The past is in the past: should we try to preserve it?
The media has been bursting with ‘decluttering’ messages for some years now. In fact, we’ve been guilty of writing our own posts on the art of throwing things away. But how far do we take decluttering before we’re at risk of eradicating our history? Everything we own has a story of its own; it documents a certain time in our lives, who we were as a person and what we enjoyed. However it’s not just our own nostalgia we have to worry about – it’s our successors too.
We asked a few of our wonderful customers if they’d ever been passed something from a family member that they still cherish to this day. Here’s what we found out…
Susan, 59 – “my grandma gave me a box of lovely keepsakes from her childhood; a doll, letters, brooches. Lovely little things that she kept over the years. You can see some of the things she passed me in pictures of her. It’s a wonderful thing to be able to hold them in my hand.”
David, 46 – “I’ve got some of my dad’s old tools. They’re all battered from years of use but they bring back lots of memories. Building things in the garden and fixing things in the house. I want to pass them on to my son, just as my dad did.”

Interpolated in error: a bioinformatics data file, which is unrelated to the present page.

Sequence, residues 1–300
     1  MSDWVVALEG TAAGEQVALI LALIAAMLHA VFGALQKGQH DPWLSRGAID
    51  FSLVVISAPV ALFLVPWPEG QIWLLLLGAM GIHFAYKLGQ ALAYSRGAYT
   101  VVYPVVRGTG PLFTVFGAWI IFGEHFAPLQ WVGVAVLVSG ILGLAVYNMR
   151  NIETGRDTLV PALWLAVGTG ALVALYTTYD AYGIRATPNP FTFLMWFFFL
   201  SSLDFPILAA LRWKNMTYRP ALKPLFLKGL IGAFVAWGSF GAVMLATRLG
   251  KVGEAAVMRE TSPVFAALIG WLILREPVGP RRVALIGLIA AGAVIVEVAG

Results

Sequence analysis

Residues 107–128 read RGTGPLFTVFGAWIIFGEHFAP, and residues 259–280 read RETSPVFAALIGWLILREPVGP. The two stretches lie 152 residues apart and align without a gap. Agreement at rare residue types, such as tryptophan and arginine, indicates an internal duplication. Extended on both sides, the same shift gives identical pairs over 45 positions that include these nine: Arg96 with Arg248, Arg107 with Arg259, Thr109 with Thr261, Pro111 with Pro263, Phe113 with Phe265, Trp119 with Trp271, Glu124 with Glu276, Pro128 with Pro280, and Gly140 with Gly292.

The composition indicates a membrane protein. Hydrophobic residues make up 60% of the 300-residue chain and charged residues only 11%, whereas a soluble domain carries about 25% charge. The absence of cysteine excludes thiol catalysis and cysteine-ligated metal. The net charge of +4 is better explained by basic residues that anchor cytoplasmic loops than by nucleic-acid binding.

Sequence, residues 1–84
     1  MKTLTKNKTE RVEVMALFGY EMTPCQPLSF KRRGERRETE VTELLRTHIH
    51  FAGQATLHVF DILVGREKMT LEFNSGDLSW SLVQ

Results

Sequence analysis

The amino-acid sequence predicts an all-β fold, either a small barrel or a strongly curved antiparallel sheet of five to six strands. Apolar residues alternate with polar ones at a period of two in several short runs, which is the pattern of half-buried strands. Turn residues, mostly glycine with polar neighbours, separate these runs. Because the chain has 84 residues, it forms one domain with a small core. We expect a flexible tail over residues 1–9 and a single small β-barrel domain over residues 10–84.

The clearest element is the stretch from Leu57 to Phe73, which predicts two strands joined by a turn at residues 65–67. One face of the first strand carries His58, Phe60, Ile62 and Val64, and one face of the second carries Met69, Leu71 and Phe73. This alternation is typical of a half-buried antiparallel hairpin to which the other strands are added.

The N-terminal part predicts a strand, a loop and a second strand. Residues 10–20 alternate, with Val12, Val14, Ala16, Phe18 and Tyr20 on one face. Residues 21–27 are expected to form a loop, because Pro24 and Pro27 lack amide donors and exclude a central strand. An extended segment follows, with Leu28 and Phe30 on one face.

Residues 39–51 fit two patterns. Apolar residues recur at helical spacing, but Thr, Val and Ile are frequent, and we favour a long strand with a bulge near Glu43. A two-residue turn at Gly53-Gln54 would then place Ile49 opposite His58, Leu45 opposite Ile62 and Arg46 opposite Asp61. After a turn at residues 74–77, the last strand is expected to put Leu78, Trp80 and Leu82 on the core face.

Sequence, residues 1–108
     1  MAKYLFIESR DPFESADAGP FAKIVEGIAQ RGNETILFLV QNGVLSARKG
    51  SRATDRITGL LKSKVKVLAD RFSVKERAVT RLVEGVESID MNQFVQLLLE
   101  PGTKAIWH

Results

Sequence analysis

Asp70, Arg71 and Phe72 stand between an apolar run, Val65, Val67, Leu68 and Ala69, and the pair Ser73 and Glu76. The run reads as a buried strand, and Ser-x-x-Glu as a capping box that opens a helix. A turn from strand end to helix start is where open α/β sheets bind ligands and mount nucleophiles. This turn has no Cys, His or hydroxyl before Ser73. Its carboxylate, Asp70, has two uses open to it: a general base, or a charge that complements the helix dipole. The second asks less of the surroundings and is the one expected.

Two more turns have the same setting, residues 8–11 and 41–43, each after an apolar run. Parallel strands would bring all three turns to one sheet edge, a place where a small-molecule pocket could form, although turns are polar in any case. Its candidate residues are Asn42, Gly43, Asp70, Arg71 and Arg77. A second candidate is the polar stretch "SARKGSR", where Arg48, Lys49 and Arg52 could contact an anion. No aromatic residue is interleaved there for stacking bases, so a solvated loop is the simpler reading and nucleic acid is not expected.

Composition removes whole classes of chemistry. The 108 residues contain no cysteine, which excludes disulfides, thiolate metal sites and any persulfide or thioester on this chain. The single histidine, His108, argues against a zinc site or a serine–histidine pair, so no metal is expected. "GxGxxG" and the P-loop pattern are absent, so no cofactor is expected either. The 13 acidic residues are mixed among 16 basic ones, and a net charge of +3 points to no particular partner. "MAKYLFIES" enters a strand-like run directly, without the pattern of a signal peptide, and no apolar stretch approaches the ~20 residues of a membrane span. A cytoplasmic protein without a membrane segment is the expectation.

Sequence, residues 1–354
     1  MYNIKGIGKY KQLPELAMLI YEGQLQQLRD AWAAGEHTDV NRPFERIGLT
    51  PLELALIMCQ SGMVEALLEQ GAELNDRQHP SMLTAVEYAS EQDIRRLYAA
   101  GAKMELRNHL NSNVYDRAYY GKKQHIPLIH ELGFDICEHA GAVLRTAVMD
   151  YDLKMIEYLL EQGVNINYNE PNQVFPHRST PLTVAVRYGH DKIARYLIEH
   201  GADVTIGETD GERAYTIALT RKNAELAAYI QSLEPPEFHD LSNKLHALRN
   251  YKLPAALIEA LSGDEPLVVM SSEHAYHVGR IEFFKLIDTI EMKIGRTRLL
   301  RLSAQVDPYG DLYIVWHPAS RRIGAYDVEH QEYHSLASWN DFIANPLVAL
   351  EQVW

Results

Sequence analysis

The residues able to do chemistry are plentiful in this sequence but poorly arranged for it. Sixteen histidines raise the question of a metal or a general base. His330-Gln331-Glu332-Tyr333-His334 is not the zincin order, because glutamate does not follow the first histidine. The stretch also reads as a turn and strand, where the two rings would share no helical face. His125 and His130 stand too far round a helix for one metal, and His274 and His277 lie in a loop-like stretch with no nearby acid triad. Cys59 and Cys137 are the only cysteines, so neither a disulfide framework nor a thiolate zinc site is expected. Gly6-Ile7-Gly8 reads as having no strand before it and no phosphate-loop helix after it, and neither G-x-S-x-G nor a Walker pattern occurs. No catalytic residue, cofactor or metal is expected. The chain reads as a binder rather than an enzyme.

Alison, 50 – “I’ve got my mum’s sewing kit. All of the threads are tangled inside and I don’t use them, but they still sort of smell like her and for that reason I couldn’t ever see myself chucking them out. They’re not useful to me practically, but they’re a nice reminder of her.”
Even though the items we’re handed down aren’t practical in some cases, there’s a serious reluctance to part with them because they bring back memories – in turn, bringing us joy. Imagine if our previous generations had decluttered to the point of living in a big white room; what would we have to show for their lives now?
Why decluttering is dangerous
It’s important to note that we’re not promoting the idea of keeping absolutely everything we ever buy. That’d be entirely impractical advice given that house sizes are decreasing while our desire for more space is increasing.
What we are suggesting is that people consciously keep hold of their belongings to pass them on to their children and grandchildren in a bid to preserve a little bit of history. The Marie Kondo’s of this world may find it joyful to live with no more than 10 items. However here at Safestore we say – love your stuff.
No amount of minimalist shaming should ever be enough to separate you and your things. Cherish your stuff. Embrace your stuff. Because stuff is great.
If you were left anything by a family member that you still cherish to this day, leave a comment below. We’d love to hear about it!
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